Single mothers often face unique challenges to accessing care — frequently they are the sole provider of their family, making finding childcare or taking time off of work a much bigger hurdle, especially if they are working a low-wage, hourly job. Rather than compromising job security, they might choose to miss routine appointments — especially if their financial risk is greater than their pregnancy risk. Missing these critical milestones for pregnancy readiness and postpartum recovery can lead to poorer birth outcomes and have long term effects on the health of mother and baby.
Remote patient monitoring is a critical safety net for these women who might be no-shows at appointments, allowing care providers to monitor for risk and keep mothers adherent to care guidelines and informed about their pregnancy, even if they aren’t able to come into the office. Through education accessible at any time through the myJourney app, and mental health and blood pressure risks monitored through our RPM solution, Babyscripts opens access to care for these patients. It also opens appointments for the provider team to be able to treat the most acute patients, reducing the wasted time and money represented by a no-show.
Access to technology is only useful if the information is user-friendly.
Against the prevailing narrative, access to technology or broadband is not the greatest barrier to digital health. Medicaid recipients access the internet at the same rates as other insured populations, and in many ways are more engaged with their smartphones, because they are disproportionately dependent on them.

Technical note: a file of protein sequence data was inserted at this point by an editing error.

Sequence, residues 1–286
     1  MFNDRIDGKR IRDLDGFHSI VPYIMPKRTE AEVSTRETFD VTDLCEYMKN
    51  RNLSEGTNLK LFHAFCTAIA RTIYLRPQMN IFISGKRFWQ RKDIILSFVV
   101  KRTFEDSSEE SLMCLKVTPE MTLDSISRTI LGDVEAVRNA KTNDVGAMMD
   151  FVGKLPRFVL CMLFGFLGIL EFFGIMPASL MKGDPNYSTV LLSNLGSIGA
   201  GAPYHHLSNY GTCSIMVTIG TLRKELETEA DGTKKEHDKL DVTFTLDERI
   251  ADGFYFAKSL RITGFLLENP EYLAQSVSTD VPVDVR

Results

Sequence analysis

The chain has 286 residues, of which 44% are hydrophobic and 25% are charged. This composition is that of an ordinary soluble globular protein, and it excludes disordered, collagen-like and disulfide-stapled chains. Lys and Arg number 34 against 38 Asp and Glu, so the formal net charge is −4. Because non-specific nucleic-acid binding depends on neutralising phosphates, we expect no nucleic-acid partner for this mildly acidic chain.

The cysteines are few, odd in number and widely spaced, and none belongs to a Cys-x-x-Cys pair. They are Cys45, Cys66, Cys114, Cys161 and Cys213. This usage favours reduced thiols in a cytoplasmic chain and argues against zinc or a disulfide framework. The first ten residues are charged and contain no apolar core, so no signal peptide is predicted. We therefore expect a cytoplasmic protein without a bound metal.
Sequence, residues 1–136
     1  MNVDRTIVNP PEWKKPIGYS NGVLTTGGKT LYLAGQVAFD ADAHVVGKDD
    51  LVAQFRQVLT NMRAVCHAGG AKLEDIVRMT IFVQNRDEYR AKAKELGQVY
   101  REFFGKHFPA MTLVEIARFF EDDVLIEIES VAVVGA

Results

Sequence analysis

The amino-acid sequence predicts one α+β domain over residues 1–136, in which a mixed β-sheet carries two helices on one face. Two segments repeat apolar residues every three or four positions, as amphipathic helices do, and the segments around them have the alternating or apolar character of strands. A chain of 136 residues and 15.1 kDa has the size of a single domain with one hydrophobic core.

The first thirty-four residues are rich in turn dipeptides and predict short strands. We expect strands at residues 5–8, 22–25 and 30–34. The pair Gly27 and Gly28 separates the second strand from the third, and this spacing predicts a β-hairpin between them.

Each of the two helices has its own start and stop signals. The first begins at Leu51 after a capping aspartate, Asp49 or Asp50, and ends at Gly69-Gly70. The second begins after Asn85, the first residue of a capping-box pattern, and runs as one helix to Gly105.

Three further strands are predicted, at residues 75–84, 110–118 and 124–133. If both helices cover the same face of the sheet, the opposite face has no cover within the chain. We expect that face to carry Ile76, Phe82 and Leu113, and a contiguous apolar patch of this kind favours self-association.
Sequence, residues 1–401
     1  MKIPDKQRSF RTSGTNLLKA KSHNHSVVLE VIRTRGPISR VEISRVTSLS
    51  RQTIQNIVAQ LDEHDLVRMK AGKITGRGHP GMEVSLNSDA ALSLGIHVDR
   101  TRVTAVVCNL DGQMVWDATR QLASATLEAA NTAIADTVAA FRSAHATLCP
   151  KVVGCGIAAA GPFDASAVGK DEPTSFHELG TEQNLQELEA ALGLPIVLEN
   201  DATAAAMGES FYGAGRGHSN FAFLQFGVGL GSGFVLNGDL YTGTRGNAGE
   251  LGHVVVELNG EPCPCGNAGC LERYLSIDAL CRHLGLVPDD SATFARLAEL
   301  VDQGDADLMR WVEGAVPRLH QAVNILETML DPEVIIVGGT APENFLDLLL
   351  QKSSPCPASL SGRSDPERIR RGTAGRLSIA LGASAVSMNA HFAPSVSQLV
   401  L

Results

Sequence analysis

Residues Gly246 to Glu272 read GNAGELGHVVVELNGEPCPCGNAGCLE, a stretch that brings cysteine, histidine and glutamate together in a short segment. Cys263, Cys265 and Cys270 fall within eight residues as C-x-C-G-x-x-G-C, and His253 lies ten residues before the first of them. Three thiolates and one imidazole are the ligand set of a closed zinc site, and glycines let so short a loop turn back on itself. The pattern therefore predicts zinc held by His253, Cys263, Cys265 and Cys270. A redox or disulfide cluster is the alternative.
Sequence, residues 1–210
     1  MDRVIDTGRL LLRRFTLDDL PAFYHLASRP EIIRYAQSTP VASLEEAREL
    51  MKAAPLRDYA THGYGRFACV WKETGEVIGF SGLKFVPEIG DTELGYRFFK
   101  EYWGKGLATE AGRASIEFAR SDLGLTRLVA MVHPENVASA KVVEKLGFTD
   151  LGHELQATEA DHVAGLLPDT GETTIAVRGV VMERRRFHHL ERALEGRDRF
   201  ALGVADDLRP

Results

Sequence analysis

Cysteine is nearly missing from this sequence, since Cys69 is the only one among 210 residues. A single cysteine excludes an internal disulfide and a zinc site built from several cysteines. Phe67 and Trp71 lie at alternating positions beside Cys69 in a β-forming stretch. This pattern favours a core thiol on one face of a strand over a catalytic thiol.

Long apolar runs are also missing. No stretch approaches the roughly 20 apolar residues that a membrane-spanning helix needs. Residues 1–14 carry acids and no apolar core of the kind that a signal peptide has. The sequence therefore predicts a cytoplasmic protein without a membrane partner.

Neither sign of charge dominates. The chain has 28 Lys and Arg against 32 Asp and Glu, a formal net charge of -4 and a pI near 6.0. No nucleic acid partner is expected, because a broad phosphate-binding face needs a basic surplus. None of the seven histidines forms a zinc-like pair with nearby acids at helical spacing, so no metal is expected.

However, Medicaid recipients are at high risk for low health literacy, which complicates delivery of care, even for something as simple as enrollment and understanding coverage and where to receive care. Simplifying content, providing content in multiple languages, offering live support to help patients navigate the system, and providing audio and visual supplementary aids are ways to address this barrier.
Babyscripts has a dedicated clinical content manager to ensure ongoing evaluation and improvement for the resources in our myJourney app, reviewing content for accessibility and inclusivity. Our content is written at a 5th grade reading level, avoiding common idioms that may not be accessible to lower reading levels or users with ESL, and all content is updated according to ADA requirements, to ensure that all of our users have access to our content regardless of their processing capabilities.
Loss of coverage leaves women vulnerable at a period of high risk.
There are some barriers that are tied to legislative and payer support, but digital health still has a role. In pregnancy, in many states, women are at risk of being dropped from coverage 6-weeks postpartum, leaving them without insurance in one the most vulnerable periods (when a large percentage of postpartum deaths or complications with long-term negative consequences occur).
However, there are reasons to feel positive. Many states have implemented extension of postpartum coverage, and policy makers at the state and federal level are advocating to expand it up through one year postpartum in states where it hasn’t been implemented. Maternal mortality review committees and data captured by companies like Babyscripts are a big part of pushing forward these legislative efforts by showing the benefits of extended coverage.
Babyscripts technology is affordable for providers and payers. For patients, it’s free and easy to use, as we’ve invested time and money into creating culturally competent and user friendly design and content. It has the potential to eliminate racial disparities in care, and save lives by uncovering complications before they occur.
1. Ivette Gomez , Usha Ranji , Alina Salganicoff, & Brittni Frederiksen. "Medicaid Coverage for Women." KFF (17 Feb 2022).